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ADA Goes to the Movies

The Justice Department's civil rights office sues the company that brought stadium seating to movie theaters.

11:00 PM, Jan 23, 2003 • By JONATHAN V. LAST
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There was, however, a problem. In some of the smaller stadium-seating theaters, the only wheelchair seats were in the "traditional" sloped area at the front of the theater. By any definition, these wheelchair seats were less good than the new stadium seats.

No one had foreseen the advent of stadium-style construction when the Americans with Disabilities Act was passed in 1990. And while there were guidelines for wheelchair seating in "traditional" theaters, in 1995 none existed for AMC except for some vague references to "lines of sight" in Title III. The Justice Department didn't seem eager to clarify matters. In March of 1997, Justice attorney Joe Russo met with a group of theater owners, including AMC, but refused to give them substantive guidance, saying, of Justice, "So, we're not going to take any long-term lasting positions on what we think is required today." And, "I'm not taking any position at all for the Department today." It wasn't until 1998 that Justice Department officials began working with theater owners, and by then, the problem was all but solved.

Because, you see, AMC's design engineers were diligent on their own. After 1995 they worked to refine the stadium concept and figure out ways to improve wheelchair seating. One way was to have patrons enter in the middle of the "stadium" and have handicapped seating on that level with tiers both ascending and descending from the entry level. By 1997, almost all new theaters being built had vastly improved wheelchair seating. By 2001, when the AMC Hoffman Center opened in Alexandria, Virginia, the handicapped seats were the best in the house--fully centered, half-way back, with no one on either side of them and plenty of room for companions. Because of stadium seating, every moviegoer's experience was enhanced, but no one benefited more than those with disabilities.

NONE OF WHICH seemed to register with Bill Lann Lee. In June of 1998, Lee's office went to AMC with concerns over some of the stadium-seat theaters in Southern California. They alleged that many of these theaters violated Title III of the ADA, which insists that in assembly areas wheelchair patrons must be afforded "lines of sight comparable to those for members of the general public."

In particular, Justice was concerned with four theaters: The Promenade 16 (in Woodland Hills), Norwalk 20, Mission Valley 20 (in San Diego), and Fullerton 20. Unable to reach an accommodation, Justice sued AMC in January of 1999. It does not seem to have disturbed Lee--or his Ashcroft-era successors, or Judge Florence-Marie Cooper--that the details of this complaint are ridiculous.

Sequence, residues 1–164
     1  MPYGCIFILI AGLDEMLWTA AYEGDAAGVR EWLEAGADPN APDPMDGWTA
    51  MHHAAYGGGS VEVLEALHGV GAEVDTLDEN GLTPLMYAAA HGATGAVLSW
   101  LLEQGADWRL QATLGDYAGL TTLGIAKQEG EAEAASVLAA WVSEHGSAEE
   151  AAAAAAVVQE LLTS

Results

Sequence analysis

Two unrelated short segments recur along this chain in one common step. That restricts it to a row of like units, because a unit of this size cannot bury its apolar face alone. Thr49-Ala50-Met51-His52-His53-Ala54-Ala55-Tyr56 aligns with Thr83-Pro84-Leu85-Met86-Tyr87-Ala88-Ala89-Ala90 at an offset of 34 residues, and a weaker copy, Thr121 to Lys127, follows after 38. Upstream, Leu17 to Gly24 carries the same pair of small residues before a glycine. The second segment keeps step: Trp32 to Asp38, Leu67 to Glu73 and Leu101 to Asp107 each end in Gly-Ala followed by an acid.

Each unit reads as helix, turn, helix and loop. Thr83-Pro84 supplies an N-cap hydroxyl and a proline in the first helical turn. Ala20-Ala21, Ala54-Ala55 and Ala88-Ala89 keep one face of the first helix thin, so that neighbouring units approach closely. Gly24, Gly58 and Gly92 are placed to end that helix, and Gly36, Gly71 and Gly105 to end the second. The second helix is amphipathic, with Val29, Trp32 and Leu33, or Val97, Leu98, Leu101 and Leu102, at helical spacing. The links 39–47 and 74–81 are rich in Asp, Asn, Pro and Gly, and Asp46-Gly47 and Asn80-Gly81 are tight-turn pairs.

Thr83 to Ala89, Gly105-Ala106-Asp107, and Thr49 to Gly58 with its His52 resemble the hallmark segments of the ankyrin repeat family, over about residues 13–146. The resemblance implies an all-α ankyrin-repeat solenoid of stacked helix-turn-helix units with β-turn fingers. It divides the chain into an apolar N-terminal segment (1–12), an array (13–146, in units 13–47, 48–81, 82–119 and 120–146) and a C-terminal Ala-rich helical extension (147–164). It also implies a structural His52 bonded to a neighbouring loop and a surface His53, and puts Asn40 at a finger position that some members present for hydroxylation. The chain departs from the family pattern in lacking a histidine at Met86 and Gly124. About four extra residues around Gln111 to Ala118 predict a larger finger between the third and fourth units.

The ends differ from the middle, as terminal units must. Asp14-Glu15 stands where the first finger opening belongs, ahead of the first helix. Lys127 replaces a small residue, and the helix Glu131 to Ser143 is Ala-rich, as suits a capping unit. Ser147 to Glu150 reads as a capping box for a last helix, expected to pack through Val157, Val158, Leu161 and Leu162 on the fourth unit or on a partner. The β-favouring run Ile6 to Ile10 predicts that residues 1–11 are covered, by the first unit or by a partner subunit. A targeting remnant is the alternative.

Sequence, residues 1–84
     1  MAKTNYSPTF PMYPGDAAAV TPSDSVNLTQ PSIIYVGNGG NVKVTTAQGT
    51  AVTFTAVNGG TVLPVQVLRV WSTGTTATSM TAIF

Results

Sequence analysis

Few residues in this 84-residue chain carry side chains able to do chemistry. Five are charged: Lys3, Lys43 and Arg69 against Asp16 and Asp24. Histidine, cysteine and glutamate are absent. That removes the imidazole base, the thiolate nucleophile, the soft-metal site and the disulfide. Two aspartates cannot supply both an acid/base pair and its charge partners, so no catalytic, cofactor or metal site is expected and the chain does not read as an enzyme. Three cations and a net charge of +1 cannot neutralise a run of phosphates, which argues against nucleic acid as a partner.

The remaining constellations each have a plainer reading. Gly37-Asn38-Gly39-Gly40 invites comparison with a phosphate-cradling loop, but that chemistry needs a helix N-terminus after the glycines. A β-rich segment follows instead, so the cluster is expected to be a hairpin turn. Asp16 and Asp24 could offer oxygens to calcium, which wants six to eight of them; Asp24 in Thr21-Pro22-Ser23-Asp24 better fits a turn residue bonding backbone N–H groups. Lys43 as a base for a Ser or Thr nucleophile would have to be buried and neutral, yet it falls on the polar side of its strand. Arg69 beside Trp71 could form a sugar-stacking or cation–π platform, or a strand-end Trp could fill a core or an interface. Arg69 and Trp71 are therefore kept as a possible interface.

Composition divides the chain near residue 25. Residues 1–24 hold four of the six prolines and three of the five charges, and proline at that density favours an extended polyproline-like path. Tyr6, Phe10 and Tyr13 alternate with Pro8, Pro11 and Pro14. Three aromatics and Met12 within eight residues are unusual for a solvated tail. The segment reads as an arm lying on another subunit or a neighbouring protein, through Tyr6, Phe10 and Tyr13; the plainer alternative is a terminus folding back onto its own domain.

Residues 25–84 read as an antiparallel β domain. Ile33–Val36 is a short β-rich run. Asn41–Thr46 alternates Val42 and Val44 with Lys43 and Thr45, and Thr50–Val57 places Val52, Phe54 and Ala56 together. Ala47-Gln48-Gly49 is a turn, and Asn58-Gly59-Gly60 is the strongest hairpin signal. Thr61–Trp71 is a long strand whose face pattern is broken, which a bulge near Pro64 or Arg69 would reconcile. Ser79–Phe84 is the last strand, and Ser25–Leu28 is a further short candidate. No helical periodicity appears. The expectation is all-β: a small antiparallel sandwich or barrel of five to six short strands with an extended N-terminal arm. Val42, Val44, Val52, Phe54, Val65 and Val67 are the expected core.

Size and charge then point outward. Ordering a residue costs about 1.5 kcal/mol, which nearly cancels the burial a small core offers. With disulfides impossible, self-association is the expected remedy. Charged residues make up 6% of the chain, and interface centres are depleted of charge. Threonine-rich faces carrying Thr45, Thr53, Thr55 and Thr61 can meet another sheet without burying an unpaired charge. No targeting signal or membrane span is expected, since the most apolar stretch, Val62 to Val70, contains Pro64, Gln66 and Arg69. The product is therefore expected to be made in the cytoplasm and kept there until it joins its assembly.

Judge Cooper's ruling against AMC itself makes the ridiculousness clear. She cites one AMC wheelchair patron who complained of "severe neck and eye strain" after watching a particular movie. The movie in question was the 194 minute epic "Titanic," which strained many moviegoers over the age of 15--in that respect, in other words, the complainant's experience was exactly "comparable" to that of the "general public." But in every other respect, admittedly, it was not: the unfortunate lady uses a joystick-controlled wheelchair and must read lips to overcome a severe hearing impairment. How, then, could AMC ever have provided this woman "a movie-going experience comparable to that of other patrons?" Judge Cooper does not say--though she does say that AMC's failure to do so was against the law.

During a brief detour Cooper takes AMC to task on some "subjective" issues. She says that "wheelchair-bound customers experience other conditions that detract from their moviegoing experience. . . . they suffer from a sense of embarrassment and isolation from being relegated to a section of the theater where no one else is sitting. Other customers have described feelings of anger and humiliation, or report a feeling of being watched because everyone else in the audience is behind them." Cooper warns AMC "that an arena owner may not create a 'wheelchair ghetto.'"

But ultimately Cooper's verdict rests heavily on the shoulders of a 19th-century Scottish engineer, John Scott Russell. She concedes that stadium seating was nowhere envisioned by the ADA, but argues that AMC should have intuited the ramifications by studying Russell. Cooper argues that his 1838 work, "Treatise on Sightlines and Seating" is so definitive that AMC should have taken it as if it were the word of God--or at least Bill Lann Lee--and used its conclusions to determine what guidelines were reasonable for wheelchair seating.

Cooper, you see, believes in a living ADA; she says that she "will not interpret [Title III] to be static and inflexible."

But if Russell was so definitive and comprehensive, why wasn't his work enshrined in the ADA back in 1990? And how was AMC supposed to know that Cooper would judge Russell, and not the text of the law, as the ultimate arbiter?